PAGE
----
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The NBA offseason frenzy has finally arrived — what that means for the Jazz

By Ryan Miller, KSL.com | Posted - Nov. 16, 2020 at 4:44 p.m.



SALT LAKE CITY — Trade season began Monday; the NBA draft is Wednesday; free Agency begins Friday. If you enjoy the rumor mill that is the NBA offseason, welcome to the best week of your life.

So what will the flurry of activity — the league has already seen three trades — mean for the Utah Jazz? Here's a look at the crazy week ahead.

Will the Jazz be active in the trade market?

The Jazz swung a big trade just before last year's draft when they acquired Mike Conley for Jae Crowder, Grayson Allen, Kyle Korver, the No. 23 pick in the 2019 draft and a future first-round pick (most likely coming in the 2022 draft). This year is expected to be a little quieter.

Most of the Jazz trade buzz — at least among NBA fans — has been centered around Rudy Gobert. He's entering a contract year (unless he signs an extension once free agency begins) and his minor falling out with Donovan Mitchell was widely reported. So there's at least enough there to fuel the trade flames.

The reported beef has been settled, according to both players, and there is no present worry within the organization about the two being able to play together long term. Gobert also has a unique skill set that is more valuable to the Jazz than any other NBA team, so it's unlikely Utah would feel like it would be getting equal value back for the All-Star center anyway. Add it all up and Gobert isn't going anywhere.

So do the Jazz have any other trade chips? Mike Conley's expiring max deal could be of interest to contending teams — the Phoenix Suns just traded a haul for Chris Paul, after all. But those teams would also have to put together a package the Jazz would find appealing. Does a team like the LA Clippers have enough assets to entice the Jazz? Doubtful. Would the Jazz consider a deal for a player with a longer max contract, like Philly's Tobias Harris, which would effectively lock the roster up for multiple seasons? Also not very likely.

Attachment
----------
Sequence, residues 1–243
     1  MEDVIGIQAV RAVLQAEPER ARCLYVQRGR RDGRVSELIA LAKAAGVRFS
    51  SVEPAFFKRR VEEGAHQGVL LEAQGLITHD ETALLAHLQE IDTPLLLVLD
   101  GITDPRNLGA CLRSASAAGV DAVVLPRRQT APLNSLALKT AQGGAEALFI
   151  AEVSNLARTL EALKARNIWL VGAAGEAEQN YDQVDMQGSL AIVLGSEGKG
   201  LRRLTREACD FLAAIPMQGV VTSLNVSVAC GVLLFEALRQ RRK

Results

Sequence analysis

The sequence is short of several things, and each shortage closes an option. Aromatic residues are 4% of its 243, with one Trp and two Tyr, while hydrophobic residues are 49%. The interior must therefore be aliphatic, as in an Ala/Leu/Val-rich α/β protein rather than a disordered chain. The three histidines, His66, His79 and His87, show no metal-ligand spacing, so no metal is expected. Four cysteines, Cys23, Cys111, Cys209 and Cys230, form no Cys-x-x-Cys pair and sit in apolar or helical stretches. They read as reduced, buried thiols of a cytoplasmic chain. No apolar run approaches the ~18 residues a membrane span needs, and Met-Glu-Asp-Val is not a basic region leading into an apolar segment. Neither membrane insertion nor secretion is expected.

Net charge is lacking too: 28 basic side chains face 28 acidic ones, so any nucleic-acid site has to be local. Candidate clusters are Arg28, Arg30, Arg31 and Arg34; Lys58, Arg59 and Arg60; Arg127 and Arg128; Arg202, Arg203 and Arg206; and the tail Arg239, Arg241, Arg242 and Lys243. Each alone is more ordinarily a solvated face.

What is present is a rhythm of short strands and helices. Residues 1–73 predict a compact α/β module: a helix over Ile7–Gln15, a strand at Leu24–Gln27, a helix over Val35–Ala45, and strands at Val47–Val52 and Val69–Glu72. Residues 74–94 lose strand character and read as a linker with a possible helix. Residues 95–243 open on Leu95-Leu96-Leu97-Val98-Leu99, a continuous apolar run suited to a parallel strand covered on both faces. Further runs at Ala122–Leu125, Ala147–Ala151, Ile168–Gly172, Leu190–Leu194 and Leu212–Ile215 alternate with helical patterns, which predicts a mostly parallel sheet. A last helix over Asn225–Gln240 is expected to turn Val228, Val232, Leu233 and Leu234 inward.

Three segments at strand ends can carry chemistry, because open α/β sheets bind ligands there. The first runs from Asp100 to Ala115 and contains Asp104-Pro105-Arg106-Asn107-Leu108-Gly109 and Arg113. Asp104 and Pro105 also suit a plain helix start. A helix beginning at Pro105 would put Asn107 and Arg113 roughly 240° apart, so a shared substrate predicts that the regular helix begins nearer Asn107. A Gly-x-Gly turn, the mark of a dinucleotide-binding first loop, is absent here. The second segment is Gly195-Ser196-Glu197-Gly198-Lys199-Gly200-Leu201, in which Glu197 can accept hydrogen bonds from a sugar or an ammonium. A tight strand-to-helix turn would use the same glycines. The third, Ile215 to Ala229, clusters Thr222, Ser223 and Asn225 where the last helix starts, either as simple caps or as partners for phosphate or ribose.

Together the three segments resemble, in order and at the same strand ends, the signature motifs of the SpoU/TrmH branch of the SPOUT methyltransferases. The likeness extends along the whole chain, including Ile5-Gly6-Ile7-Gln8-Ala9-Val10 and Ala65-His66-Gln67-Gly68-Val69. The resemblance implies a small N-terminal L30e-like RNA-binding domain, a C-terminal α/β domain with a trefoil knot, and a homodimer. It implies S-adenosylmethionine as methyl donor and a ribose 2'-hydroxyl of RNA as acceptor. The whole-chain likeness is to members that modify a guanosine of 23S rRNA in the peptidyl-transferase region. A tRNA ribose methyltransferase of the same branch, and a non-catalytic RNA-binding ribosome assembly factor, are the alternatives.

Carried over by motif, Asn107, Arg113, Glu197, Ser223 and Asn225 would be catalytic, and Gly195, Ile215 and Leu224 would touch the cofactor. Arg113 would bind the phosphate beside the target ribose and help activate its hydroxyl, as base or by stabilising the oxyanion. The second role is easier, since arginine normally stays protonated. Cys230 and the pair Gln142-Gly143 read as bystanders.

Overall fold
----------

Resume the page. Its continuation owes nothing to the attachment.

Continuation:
It's hard to find a deal that makes sense for Utah. And Conley averaged nearly 20 points per game in the playoffs on 53% shooting from three, so the Jazz are excited about his second year with the team.

Bojan Bogdanovic outperformed the contract he signed last summer, which means there should be interest in the forward if the Jazz showed any desire to move him (which they haven't). Royce O'Neale signed an extension in the middle of last season, and little has changed for the Jazz to want to part ways with the wing player.

Then there's Ed Davis — a player who simply didn't fit in with the Jazz system. Utah needs its bigs to be a roll threat; Davis is not that. It was just a year ago that he was one of the better bench bigs, though, so there could be interest in him — and the Jazz will likely be motivated sellers. At a salary of $5 million, there should be a way to get a deal done.

What's the plan for the draft?

The Jazz have a single pick in Wednesday's draft: No. 23. And it's an important one.

If Utah wants to find depth, hitting on that pick is an absolute must. Remember, Utah's first-round playoff loss to Denver? Juwan Morgan, the little-used rookie, was the Jazz's eighth-best player in that series. More than anything, that highlighted Utah's need to find more rotational players. And with little resources in free agency, the draft is one of the Jazz's few chances to add a meaningful player.

"There are typically very good players that go 20 to 30," executive vice president of basketball operations Dennis Lindsey said.

Lindsey said there are a couple of ways to approach the draft— select a player that will need time to grow (Gobert, for example) or take someone who is more ready to play immediately. And for contending teams adding a rotational player can be a huge benefit.

"No matter where you're selecting, your job is to select well," Lindsey said. "And sometimes that's in the form of a role player, sometimes that's some form of speculation in a younger profile. The good news is there's a variety of prospects across all ranges and positions. To me, it makes 23 interesting this year that we have a variety of types of prospects to choose from."

Another thing to note: The Jazz can't trade their first-round pick before Wednesday's draft.

What can the Jazz do in free agency?

With Conley reportedly opting into the final year of his max deal (as was expected), the Jazz's books are pretty locked up.

If Utah guarantees the salaries of Georges Niang, Miye Oni, Juwan Morgan, and Rayjon Tucker (which is very likely) as well as Nigel Williams-Goss (much more questionable), they'll already have about $117 million committed in salary — well above the $109.1 million salary cap, (but below the $132.6 million luxury tax line).

The Jazz will have a $9.3 million non-taxpayer exception and a bi-annual exception of $3.6 million to sign new players — and the 23rd pick will make $1.9 million. Add that all up and Utah will be knocking on the door of the luxury tax — all without re-signing Jordan Clarkson, a player who saved the Jazz's bench unit last season and one they can't afford to replace. But they may not be able to afford to keep him either.

New owner Ryan Smith is believed to have deeper pockets than the Millers. We'll soon see if he's willing to take the jump into tax territory, or if the Jazz will have to be making some trades after all.

Ryan Miller

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